A three-judge panel for California’s 3rd District Court of Appeal in Sacramento issued a ruling Thursday overturning the conviction of Isiah Fowler, who was convicted in 2013 of stabbing his 8-year-old sister to death at their family’s Valley Springs home.
Fowler’s defense attorney at his trial, Steve Plesser, said the state Attorney General’s Office has 15 days to request a rehearing in the appellate court, though he added that such requests are rarely granted.
Plesser said there will be a 10-day window after 30 days from the ruling for the Attorney General’s Office to file a petition for review by the California Supreme Court.
If the high court does not take the case up for review, Plesser said it will be sent back to the Calaveras County Superior Court after 60 days. At that point, the Calaveras County District Attorney’s Office could move forward with a retrial, dismiss the case, or offer a plea deal.
“They could make a plea offer, but we’re not interested,” Plesser said.
Isiah Fowler, now 17, will remain in custody at a California Youth Authority in the Stockton area at least until the case makes its way back to Calaveras County Superior Court, according to Plesser, at which point that court will have to determine whether he should be detained pending a new trial.
The Attorney General’s Office could not be reached Thursday evening. The Calaveras County District’s Attorney’s Office declined to comment because it’s a pending case that involves a juvenile.
Leila Fowler died after being stabbed more than 20 times on April 27, 2013, while her parents were attending a nearby Little League baseball game.
Isiah Fowler, who was 12 at the time, was home with his sister and reported hearing an intruder while he was in another room.
The children’s parents, Barney and Crystal Fowler, called 911 at about noon after receiving a call from their son telling them there was an intruder in the house.
The boy later told investigators he had chased the intruder out of the house and found his sister lying in the corner.
Leila Fowler was taken by ambulance to Mark Twain Medical Center in San Andreas, where she was pronounced dead at about 1 p.m. that same day.
Her death gained national media attention and sparked a manhunt for the intruder, whom Isiah Fowler described as a 6-foot-tall man with a muscular build and shoulder-length gray hair.
An area resident said she saw the intruder but recanted her statements when the Calaveras County Sheriff’s Office asked her to assist with a sketch.
On May 11, 2013, the late Sheriff Gary Kuntz announced at a news conference at a substation in Valley Springs that Isiah Fowler had been arrested as a suspect in the death of his sister.
Isiah Fowler was found guilty of second-degree murder by Calaveras County Superior Court Judge Thomas A. Smith on Oct. 6, 2015, following a 17-day trial. He was sentenced on Nov. 4, 2015, to remain in custody until he’s 23 years old.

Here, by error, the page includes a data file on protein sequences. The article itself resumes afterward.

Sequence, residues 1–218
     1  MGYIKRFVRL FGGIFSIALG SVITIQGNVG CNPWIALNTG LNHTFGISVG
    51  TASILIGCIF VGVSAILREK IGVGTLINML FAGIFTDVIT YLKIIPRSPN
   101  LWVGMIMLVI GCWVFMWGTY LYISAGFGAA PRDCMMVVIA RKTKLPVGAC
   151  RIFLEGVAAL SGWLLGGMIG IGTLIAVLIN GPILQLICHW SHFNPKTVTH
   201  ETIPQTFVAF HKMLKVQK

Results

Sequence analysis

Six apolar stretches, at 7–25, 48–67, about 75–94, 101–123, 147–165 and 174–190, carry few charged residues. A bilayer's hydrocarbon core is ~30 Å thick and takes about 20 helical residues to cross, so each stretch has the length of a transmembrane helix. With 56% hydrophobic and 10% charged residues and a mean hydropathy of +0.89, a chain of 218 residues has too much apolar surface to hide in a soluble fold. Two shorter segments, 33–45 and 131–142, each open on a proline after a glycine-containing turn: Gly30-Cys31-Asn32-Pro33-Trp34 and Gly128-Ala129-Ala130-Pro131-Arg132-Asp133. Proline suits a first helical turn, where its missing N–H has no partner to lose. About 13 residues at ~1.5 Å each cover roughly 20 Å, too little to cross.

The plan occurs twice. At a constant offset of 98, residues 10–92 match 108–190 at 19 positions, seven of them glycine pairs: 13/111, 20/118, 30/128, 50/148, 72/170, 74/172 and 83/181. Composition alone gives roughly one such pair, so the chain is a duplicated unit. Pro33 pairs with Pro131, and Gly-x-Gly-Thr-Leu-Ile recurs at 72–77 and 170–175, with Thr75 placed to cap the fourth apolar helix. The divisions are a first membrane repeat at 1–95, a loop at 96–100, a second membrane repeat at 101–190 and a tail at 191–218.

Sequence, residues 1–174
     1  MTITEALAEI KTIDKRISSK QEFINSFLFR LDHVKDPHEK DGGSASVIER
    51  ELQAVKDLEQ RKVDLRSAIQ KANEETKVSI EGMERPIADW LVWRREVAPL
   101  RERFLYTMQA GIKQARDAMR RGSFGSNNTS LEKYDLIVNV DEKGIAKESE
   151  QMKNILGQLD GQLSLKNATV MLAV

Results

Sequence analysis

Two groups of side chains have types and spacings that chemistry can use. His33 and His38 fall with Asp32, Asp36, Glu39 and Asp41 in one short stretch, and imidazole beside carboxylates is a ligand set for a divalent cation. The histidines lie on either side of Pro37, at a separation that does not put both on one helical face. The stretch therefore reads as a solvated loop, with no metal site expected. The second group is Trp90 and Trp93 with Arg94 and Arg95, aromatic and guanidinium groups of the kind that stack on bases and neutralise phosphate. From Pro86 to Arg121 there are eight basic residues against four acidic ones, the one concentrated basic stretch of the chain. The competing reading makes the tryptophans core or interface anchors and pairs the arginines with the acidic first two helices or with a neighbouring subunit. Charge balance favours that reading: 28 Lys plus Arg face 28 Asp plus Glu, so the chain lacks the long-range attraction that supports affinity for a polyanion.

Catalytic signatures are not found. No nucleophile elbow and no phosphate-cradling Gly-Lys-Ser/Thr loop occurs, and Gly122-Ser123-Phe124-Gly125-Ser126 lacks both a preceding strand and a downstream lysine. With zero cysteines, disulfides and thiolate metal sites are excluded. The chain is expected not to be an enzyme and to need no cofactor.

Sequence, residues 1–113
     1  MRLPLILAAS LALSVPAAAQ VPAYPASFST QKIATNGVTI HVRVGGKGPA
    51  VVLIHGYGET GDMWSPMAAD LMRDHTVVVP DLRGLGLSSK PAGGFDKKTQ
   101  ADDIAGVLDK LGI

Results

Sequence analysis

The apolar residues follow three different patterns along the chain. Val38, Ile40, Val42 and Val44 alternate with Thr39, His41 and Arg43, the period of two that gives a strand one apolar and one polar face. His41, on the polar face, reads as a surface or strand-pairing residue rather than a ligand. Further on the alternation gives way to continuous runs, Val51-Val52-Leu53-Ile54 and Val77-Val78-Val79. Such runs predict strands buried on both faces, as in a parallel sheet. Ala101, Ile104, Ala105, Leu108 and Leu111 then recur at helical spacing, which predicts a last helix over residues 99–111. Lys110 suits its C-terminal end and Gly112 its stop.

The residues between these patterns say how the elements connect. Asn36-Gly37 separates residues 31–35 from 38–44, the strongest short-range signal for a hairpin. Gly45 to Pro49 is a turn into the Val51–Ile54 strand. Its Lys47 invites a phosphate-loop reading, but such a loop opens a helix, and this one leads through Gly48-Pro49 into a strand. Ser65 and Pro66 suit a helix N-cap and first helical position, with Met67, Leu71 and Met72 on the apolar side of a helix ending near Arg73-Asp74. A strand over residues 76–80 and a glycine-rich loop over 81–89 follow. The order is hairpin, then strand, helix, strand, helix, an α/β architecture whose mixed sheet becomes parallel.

In the 58-page ruling that overturned the conviction, the three-judge panel determined the juvenile court had inappropriately relied upon statements made by Isiah Fowler over the course of four separate interviews with Calaveras County Sheriff’s and FBI investigators in the days after his sister’s death.
The appellate court ruled that Isiah Fowler was not appropriately advised of his Miranda rights and Barney Fowler’s participation in one of the interviews could have contributed to inconsistent statements the judge used as part of the basis for the guilty verdict.
“Even though he didn’t confess, he was interrogated repeatedly and was constantly told they had proof that he had done it and they had no evidence of an intruder,” Plesser said.
“They even got his father to push him that he did this and he held fast and refused to confess to something he hadn’t done,” Plesser continued, “but, as you can imagine, any 12-year-old subjected to interrogation by police and FBI after having just witnessed the killing of their sister would make statements inconsistent with other ones.”
Plesser said that over the last 20 years there has been increasing recognition by experts that juveniles can be easily manipulated by such interrogation techniques.
A new state law that went to effect on Jan. 1 requires minors under 15 to have an attorney appointed to them before being interrogated, even if they’ve been advised of their Miranda rights.
“A minor can’t even waive his Miranda rights unless first consulted with an attorney,” Plesser said of the new law.
Plesser also noted how DNA of an unknown male was found on hair recovered from Leila Fowler’s buttocks area. The sample was put into the FBI’s Combined DNA Index System, but no match was found at the time.
According to Plesser, the DNA sample doesn’t get routinely compared to the national database anymore because the case is considered solved.
“I think it’s time they started (comparing the sample) because I don’t want to hear about them doing that only after a new murder,” Plesser said.
Isiah and Leila Fowler’s parents have steadfastly maintained the boy’s innocence.
Crystal Fowler provided a comment from the family via Facebook Messenger on Thursday that stated they were happy about the news that his guilty verdict was overturned by the appellate court and they never believed he was guilty of the brutal crime that took the life of their daughter.
She further stated that Calaveras County is not responsible for her daughter’s death, though she was critical of how the investigation was handled.
“They never looked anywhere other than Isiah, and did not follow the evidence, and in the process destroyed a 12-year-old child’s life,” she stated. “Getting justice for Isiah is the first step in getting justice for Leila.”
Contact Alex MacLean at firstname.lastname@example.org or (209) 588-4530.